For years we came up to the cottage in Jura for our summer holidays. No mod cons. No electricity, no running water and no heating other than from the fireplace. Cooking on an old Calor Gas stove, and candlelight in the evenings. Although a romantic picture, the stone building itself required continuous attention.
Today the wee ferry is off. The last weeks have been stormy and the combination of high winds and winter tides quite regularly suspend our one physical link with the outside world. No journeys, no post or deliveries, no milk or papers, no way off the island should that ever be necessary – unless in emergencies when they send the helicopter from the mainland.
Since the very beginning of the I'Anson music, an important element has been the inclusion of orchestral string arrangements. Whilst there are moments of intimacy in the music, it also calls for big and expressive backdrops – and to my knowledge no other instrument or combination of instruments can manage to convey what a bunch of string players can create together.
Barnhill is a remote farmhouse at the north end of Jura – defined by it's most famous tenant, George Orwell, who stayed there to write 1984. Much has been made of whether it was Orwell's self-imposed exile to a remote island and detachment from modern society (he was in convalescence from illness) that led to his inspired vision of a future society governed by a police state.
Radio reception in Jura is terrible. When we came up to Jura as a family, we would always want to listen to the news and took a keen interest in the BBC shipping forecast. It's true that the weather takes on far more importance here as it's more directly connected with everything that goes on. The shipping forecast is sometimes the most accurate way of predicting what is about to hit you!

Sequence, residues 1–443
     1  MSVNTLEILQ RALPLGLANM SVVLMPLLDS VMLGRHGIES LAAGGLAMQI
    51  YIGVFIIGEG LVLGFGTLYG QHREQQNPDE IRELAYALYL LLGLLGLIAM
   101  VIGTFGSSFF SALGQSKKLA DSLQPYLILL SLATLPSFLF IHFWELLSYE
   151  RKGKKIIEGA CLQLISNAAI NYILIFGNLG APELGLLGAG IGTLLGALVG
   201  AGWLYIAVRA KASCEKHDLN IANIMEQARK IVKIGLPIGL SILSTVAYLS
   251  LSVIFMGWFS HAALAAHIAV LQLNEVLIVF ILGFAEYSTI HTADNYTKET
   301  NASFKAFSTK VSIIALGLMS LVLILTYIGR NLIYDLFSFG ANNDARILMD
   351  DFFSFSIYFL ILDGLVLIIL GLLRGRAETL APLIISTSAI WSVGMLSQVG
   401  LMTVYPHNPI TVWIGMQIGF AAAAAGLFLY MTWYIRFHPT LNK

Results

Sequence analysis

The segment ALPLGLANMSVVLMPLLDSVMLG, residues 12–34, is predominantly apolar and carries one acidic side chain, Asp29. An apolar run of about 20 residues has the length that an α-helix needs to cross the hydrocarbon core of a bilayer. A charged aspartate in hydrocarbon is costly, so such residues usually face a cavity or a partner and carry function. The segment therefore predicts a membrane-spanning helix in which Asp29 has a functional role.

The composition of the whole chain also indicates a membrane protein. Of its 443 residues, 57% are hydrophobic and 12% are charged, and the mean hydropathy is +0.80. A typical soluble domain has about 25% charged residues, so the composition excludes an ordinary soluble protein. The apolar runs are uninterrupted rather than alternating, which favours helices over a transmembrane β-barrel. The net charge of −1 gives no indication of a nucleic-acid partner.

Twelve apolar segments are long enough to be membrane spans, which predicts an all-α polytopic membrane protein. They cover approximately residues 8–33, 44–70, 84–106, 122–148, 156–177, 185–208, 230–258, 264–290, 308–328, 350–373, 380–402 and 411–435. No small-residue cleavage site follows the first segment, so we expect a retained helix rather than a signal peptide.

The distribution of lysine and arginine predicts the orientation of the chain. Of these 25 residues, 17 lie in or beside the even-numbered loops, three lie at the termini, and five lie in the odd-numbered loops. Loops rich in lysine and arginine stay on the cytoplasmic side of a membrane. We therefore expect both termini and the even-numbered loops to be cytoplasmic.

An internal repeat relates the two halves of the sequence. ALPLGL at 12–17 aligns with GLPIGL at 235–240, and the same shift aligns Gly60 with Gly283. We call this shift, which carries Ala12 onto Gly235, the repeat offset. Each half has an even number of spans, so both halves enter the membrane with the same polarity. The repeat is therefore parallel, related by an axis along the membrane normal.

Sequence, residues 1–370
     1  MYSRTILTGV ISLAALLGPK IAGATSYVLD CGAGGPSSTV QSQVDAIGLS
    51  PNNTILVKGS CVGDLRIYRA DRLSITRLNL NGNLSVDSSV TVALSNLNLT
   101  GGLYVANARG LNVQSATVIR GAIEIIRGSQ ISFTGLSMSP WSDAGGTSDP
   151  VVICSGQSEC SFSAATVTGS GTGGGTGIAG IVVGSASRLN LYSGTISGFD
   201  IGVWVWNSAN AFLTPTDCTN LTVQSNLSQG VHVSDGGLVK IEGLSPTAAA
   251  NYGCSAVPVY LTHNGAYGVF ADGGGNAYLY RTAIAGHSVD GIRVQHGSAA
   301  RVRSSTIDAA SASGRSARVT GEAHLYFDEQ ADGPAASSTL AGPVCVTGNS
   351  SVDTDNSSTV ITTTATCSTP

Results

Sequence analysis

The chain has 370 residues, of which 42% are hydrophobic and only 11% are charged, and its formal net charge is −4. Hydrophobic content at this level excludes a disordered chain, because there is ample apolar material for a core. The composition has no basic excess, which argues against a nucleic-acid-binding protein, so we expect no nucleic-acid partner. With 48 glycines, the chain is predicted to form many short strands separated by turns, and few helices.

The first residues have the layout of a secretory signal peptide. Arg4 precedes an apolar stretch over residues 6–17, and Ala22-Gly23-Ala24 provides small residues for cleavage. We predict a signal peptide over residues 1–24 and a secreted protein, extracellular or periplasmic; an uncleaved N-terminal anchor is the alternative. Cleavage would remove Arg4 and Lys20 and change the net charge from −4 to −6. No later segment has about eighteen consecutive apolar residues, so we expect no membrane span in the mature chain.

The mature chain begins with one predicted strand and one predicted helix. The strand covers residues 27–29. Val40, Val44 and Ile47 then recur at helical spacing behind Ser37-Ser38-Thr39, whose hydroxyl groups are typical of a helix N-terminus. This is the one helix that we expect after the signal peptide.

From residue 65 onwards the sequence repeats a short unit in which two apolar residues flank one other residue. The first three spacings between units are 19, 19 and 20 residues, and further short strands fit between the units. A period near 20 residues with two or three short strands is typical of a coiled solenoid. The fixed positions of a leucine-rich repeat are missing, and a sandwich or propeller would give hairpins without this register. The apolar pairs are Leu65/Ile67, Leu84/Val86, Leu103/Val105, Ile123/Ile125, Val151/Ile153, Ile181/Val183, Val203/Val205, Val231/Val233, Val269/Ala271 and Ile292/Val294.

My lovely dog Minnow died in the Summer. She was getting old and had been bravely coping with a serious illness for a few months. I'd never imagined that I'd know for myself the truth of the expression 'a man's best friend', but the two of us arriving here in Jura and roughing it together for a year or two certainly proved it to be the very best of friendships.
I've been getting out to sea on a small yacht named Morag. Morag belongs to the Darroch family who have old family ties to the island. Alasdair Darroch arrived on Jura with family earlier in the summer in order to compete in the hotly contested Jura Regatta. (Alasdair, Archie and Jeanie can be seen in the photo sailing Morag on a balmy summers day).
We've just had a very royal visitor to Jura. Princess Anne arrived by helicopter last night - using our Cricket Pitch by the beach as a helipad. She was here to officially open a new Care Centre for the elderly in Craighouse. It was always sad that people who had lived their whole lives on Jura (rarely or never leaving the island) were forced to leave in their last years.
OK, perhaps it was a little hopeful to expect to make huge progress during July and August. You may find it hard to believe but Scottish islands magically become very busy around this time with the influx of visitors and lots of local events. This year has been no exception – with the Ardlussa Sports, Regatta and Cricket Festival to name but a few of the very enjoyable distractions available.
I've been living on Jura for three years. It's been a challenging and enormously satisfying time - full of completely new experiences. The original idea was to spend a year renovating and extending the cottage - a place where I could write and record my music. Inevitably, the house building succumbed to what is known locally as 'Argyll Time'